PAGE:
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Ways of Giving

Planned Giving

Types of Planned Giving

Below is a summary of some common planned giving options.

These are not offered as professional tax or legal advice and may not apply in all cases. Please consult your tax, legal and financial advisors about your specific situation.





List of 7 items.

  • Bequests

    A bequest through a will is the most common type of planned gift, and does not draw on assets during a donor’s lifetime. Bequests can be estate distributions of cash, securities, real estate, or personal property. Types of bequests include a percentage bequest, a fixed-dollar bequest, a residual bequest, and a contingent bequest. Important estate tax savings may result from a bequest. Contact us for suggested bequest language.
  • Charitable Remainder Trusts (CRTs)

    CRTs allow a donor to make a gift to All Saints Episcopal School while at the same time achieving several other financial objectives. When you create a CRT, you irrevocably transfer money, securities, real estate, or other assets to a trust that will then pay you an income for life or for a period of years. If you wish, the trust also can pay an income to another beneficiary. At the death of the surviving beneficiary, the remaining principal in the trust goes to All Saints. Several types of CRTs allow the donor to tailor their gifts to best serve their own needs.
  • Donor Advised Fund (DAF)

    A donor-advised fund, or DAF, is a philanthropic vehicle established at a charity which  allows donors to make a charitable contribution, receive an immediate tax benefit and then recommend grants from the fund over time. An easy way to think about a donor-advised fund is that it operates like a charitable savings account: a donor contributes to the fund as frequently as they like and then recommends grants to their favorite charity when they are ready.  
     
  • Gifts of Stock

    Benefactors may choose to donate gifts of stock to All Saints, which can be a great method of gifting when the stock market is in a strong period of growth.  The donor may contact the Advancement Office regarding a stock transfer, and this will be handled between the donor’s broker and the school’s investment firm.  Stock shares will be sold immediately upon receipt into the school's account.  Donations are fully tax-deductible based on valuation determined by your tax advisor.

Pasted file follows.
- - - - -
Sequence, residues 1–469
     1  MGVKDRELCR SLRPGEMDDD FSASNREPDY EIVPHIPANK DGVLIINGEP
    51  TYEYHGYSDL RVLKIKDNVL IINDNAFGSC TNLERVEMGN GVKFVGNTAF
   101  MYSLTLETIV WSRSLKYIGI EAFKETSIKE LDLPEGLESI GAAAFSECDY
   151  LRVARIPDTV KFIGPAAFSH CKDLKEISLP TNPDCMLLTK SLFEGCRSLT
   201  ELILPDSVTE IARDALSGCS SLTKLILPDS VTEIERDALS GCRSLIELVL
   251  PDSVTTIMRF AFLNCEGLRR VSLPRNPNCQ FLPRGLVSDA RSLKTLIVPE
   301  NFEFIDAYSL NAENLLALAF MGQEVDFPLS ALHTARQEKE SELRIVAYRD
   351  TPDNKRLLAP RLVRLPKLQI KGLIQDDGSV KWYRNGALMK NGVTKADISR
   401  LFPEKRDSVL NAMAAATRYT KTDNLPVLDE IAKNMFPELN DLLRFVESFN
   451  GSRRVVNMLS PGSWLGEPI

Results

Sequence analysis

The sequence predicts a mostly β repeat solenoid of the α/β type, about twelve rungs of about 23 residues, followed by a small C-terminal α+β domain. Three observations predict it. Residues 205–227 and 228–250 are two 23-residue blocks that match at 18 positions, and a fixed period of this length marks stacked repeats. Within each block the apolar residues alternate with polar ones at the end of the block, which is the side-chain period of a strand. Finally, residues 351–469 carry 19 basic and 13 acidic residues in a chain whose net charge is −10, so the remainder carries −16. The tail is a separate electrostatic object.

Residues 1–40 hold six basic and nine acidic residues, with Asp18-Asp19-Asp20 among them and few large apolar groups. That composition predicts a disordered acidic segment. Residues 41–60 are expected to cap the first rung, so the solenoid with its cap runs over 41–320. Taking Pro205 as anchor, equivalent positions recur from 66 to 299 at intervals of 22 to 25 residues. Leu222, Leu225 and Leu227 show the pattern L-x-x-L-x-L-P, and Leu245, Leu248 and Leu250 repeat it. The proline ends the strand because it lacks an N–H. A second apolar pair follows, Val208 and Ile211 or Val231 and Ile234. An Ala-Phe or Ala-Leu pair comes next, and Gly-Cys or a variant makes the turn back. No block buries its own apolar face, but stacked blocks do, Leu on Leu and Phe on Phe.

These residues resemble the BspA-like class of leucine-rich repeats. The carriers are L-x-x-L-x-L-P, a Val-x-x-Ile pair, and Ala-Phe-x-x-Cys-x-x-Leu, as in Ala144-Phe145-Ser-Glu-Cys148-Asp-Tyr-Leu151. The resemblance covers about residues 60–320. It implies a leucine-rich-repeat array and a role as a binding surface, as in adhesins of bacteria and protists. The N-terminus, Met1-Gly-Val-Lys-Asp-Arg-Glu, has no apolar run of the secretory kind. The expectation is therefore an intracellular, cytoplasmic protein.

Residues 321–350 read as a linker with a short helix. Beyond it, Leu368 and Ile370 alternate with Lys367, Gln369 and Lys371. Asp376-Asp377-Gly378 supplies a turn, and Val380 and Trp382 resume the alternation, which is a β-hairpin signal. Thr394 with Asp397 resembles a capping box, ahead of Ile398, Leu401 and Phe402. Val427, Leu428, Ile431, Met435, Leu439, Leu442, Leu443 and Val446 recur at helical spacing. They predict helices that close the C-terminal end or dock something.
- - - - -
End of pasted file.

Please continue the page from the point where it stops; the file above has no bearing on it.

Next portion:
• Individual Retirement Account (IRA) Qualified Charitable Distribution

    The Qualified Charitable Distribution (QCD) from an Individual Retirement Account (IRA) remains unchanged with the new tax law to go into effect in 2018. A quick recap of the QCD is timely here:
    •             The IRA owner must be 70 1/2 or older; 
    •             The transfer can be for no more than $100,000/yr. , the amount may be smaller;
    •             The QCD is not reported in your taxable income, but you receive no tax deduction;
    •             Only applies to gifts from Individual Retirement Accounts and NOT from 401(k) plans, SEP IRA’s or other tax-favored retirement planning vehicles;
    •             Qualifies toward the required minimum distribution. The transfer is made directly from a custodian or trustee to a qualified charitable organization;
    •             Discuss with your tax and financial advisor before initiating such a gift.
     
    Because of the new tax law’s increased standard deduction, many taxpayers will no longer itemize and therefore will not deduct charitable contributions.  The QCD can be advantageous in that you avoid recognition of income by diverting all or part of your required minimum distribution directly from your IRA custodian to the qualified charity.
     
    In addition to supporting a qualified charity with a QCD, you may still consider the charity as a primary or secondary beneficiary of your IRA account after your lifetime.  Because these funds are received by a qualified charity with no income tax liability, they can be a great choice for your after-lifetime philanthropy, leaving tax friendly assets to pass to your family and other heirs.
  • Life Insurance

    Donors may choose to give life insurance policies to All Saints either as an immediate gift or as a provision upon their passing. This can be an easy way to make a gift to the school without revising your will and may have advantageous estate tax consequences. Donors may make All Saints Episcopal School either a beneficiary or an owner and beneficiary of a life insurance policy. Donors who consider giving life insurance policies do so because they have no heirs or because they already have made provisions for beneficiaries through other financial vehicles. Contact us for the information to put on the beneficiary designation form.
  • Retirement Plans

    Donors may consider making All Saints Episcopal School a beneficiary of a percentage of their pre-tax qualified retirement plans, such as an Individual Retirement Account, 401k, 403b or Thrift Savings Plan, to name a few. This is done via a beneficiary designation form.  These pre-tax assets are received by a qualified non-profit free from income tax liability, leaving other tax-friendly assets available to pass along to your family and other heirs. Contact us for the needed information to put on the beneficiary designation form.
    • Leave a Legacy
All Saints Episcopal School is a community dedicated to academic excellence in a secure and supportive Christian environment.